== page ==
As a child, I absolutely loved the Short Circuit movies, to the extent I still get goosebumps whenever I hear the song 'I Need a Hero' by Bonnie Tyler. The mix of humour, action and soft sci-fi is unmistakably 80's, slotting in nicely with other childhood favourites like Flight of the Navigator and Back to the Future.
As a Pakistani, growing up in the UK, the Indian character, Ben Jabituya, heavily featured in Short Circuit 2 but also playing an important role in the original, was a major cultural milestone. Sure, he had a heavy stereotypical accent and was the designated comic relief, but he was also hyper-competent, brave, loyal and unmistakably a positive role-model.
As a child of two cultures, and familiar with the strange existence of not truly feeling at home in either, I genuinely loved the scene where Ben is repeatedly asked where he's from... originally. He, despite the strong accent, acts puzzled that his answers are not accepted.
Newton Crosby: Where are you from, anyway?
Ben Jabituya: Bakersfield, originally.
Newton Crosby: No, I mean your ancestors.
Ben Jabituya: Oh, them. Pittsburgh.
This was a scene that my child self found hilarious but also comforting, that you could be perceivably foreign yet comfortably native appealed to me strongly.
So I thought.
You see, as an adult I recently stumbled across a disconcerting fact. The actor who played Ben is called... Fisher Stevens. And he's unambiguously, unalterably and unarguably white. As in Caucasian. Anglo-Saxon. Gora. Viliati. Without a perceivable trace of Indian, South Asian or Hindustani blood. White. As seen below.
This bothered me a lot. Suddenly that funny scene seemed less a stinging rebuke to those who believed that immigrant could not possibly belong to their host nation and more a sly wink to the fact that the actor was in act white through-and-through and wasn't this whole black-face act so funny?
This really threw the whole movie for me when rewatching it. A lot of jokes seemed less benign and I realised that a great deal of humour did rely on some pretty blunt stereotypes, a lot of things that I simply didn't pick up on as a child.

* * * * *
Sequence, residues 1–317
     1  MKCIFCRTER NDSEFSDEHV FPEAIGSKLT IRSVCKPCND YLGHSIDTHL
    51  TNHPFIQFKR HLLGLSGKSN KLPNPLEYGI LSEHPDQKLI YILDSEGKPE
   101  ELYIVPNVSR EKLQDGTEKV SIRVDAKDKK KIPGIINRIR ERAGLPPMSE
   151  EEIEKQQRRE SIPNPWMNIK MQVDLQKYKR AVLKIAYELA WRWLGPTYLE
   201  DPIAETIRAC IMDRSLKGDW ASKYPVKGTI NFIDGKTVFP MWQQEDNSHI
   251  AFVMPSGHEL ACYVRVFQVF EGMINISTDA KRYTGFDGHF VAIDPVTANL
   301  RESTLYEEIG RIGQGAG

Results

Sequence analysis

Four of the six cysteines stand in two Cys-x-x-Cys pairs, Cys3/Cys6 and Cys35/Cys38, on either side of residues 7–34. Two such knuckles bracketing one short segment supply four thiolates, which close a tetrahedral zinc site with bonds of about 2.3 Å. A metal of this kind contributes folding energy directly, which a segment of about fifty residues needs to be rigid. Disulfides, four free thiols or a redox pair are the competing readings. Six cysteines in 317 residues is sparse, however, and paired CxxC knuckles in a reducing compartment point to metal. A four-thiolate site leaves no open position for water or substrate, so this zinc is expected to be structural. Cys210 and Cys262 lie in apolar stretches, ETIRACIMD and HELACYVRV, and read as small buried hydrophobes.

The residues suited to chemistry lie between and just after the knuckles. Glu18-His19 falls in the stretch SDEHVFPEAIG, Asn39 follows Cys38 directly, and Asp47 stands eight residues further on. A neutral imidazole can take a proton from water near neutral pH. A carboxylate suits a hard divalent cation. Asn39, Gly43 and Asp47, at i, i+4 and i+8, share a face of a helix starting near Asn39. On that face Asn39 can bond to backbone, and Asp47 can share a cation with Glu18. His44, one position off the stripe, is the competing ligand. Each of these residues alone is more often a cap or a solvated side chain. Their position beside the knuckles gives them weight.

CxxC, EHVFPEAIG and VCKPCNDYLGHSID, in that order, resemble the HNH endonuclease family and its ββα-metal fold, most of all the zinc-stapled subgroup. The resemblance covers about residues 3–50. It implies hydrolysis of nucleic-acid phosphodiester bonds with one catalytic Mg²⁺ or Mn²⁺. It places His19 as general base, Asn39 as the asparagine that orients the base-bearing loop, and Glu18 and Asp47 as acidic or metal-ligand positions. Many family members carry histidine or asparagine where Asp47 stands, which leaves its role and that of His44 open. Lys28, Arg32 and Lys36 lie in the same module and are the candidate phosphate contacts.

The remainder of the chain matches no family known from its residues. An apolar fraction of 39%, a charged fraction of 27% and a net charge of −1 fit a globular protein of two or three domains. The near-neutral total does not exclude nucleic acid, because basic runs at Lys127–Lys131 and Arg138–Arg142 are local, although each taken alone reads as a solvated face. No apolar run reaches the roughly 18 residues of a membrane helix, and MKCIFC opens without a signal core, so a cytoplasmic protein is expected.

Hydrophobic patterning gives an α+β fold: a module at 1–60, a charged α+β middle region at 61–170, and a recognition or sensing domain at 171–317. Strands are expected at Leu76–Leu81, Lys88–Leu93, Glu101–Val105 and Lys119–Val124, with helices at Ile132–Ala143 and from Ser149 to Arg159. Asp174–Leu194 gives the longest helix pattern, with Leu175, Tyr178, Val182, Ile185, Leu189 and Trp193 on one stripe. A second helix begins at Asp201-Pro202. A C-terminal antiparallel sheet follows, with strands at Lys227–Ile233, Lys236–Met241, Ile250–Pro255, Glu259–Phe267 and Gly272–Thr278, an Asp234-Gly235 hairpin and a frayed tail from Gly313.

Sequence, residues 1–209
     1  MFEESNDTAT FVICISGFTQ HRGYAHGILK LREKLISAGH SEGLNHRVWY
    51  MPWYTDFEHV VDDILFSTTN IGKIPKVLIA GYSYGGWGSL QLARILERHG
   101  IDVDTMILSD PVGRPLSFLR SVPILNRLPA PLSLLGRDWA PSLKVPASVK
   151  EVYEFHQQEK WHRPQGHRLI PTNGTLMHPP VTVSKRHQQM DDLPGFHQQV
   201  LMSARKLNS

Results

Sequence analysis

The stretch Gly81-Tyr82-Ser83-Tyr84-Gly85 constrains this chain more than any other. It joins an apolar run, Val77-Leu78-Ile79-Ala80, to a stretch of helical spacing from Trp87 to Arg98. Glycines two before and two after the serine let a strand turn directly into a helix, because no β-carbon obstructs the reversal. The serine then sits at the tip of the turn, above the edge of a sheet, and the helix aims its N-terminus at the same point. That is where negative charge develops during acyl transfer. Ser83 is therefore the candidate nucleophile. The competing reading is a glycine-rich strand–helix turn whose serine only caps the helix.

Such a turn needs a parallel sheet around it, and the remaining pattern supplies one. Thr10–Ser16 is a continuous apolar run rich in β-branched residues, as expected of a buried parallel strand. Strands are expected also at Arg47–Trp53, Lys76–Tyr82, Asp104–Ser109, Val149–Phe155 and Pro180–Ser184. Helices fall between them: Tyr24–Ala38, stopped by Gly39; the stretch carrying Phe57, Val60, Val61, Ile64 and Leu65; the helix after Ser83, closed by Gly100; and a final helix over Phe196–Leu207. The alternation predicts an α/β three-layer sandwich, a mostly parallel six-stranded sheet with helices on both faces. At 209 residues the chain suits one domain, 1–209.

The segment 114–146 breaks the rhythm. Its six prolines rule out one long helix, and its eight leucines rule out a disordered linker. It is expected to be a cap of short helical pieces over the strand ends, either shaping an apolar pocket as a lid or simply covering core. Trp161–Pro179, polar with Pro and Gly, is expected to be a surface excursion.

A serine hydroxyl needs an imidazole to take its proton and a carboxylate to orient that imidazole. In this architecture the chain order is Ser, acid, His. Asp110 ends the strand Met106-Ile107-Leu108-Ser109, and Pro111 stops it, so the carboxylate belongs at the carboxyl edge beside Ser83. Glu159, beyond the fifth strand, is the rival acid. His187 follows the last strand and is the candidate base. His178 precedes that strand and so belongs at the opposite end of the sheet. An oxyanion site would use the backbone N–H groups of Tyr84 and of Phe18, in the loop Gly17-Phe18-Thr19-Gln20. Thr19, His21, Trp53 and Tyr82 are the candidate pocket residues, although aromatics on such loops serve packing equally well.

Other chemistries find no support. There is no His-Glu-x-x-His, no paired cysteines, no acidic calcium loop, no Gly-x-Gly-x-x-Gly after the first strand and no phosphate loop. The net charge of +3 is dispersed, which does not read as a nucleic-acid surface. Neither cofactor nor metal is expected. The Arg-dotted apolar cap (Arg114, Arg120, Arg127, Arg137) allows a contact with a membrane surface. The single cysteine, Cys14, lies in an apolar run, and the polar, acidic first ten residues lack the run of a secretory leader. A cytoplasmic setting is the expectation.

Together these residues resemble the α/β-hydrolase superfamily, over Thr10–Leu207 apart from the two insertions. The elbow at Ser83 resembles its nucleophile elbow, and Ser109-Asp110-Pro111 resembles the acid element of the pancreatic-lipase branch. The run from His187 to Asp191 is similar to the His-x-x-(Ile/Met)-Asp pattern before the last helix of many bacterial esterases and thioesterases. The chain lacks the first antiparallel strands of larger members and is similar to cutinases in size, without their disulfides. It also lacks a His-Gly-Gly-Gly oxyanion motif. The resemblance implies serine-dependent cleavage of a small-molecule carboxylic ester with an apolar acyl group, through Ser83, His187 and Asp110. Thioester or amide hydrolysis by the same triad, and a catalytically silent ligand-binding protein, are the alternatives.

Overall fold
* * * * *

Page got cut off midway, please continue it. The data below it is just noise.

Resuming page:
Of course soft-racism has been a pretty consistent staple of Hollywood, the form changing over the years but the undercurrent appears to be pretty resistant to elimination. But this hurt simply because I felt tricked and taken in.
A question is raised, if I found the jokes funny the first time round, why was it suddenly unfunny when I knew the actor was white instead of Indian?
Firstly, blackface has a pretty ignoble history, Mickey Rooney's Breakfast at Tiffany's impressions are a good Hollywood example but from minstrel shows and 'gollywogs' it raises some pretty uncomfortable cultural memories.
Secondly, there has to be sharp distinction between jokes where the context is 'look at me! I'm pretending to be Indian and look at all the wacky, borderline creepy sex-pest things these people get up to!' and the kind of affectionate humour peddled by the likes of Russell Peters.
The joke is far different when your mother says, 'I'm a bit of an idiot aren't I?' than someone dressing up as your mother and proclaiming 'I'm an idiot!' .
In a movie about a robot who comes to life and fights for his right to be treated as a self-aware being of equal worth, why the hell is a major charecter played by a white man whose humour relies on stereotypes and pretty implicitly denies that race/nation a voice? Was it that inconceivable that an actor of Indian ethnicity, or at least South Asian ethnicity, play the role considering almost all of his humour derives from his race?
Many non-Jewish actors have played Jewish roles. Very few, if any, non-Jewish actors have played Jewish roles that relying on the kind of self-parodying humour that Woody Allen and co are famous for.
So thank you, Short Circuit, for screwing with my childhood memories. Also, Short Circuit 2 was rubbish anyway. I'm off to rewatch Flight of the Navigator instead.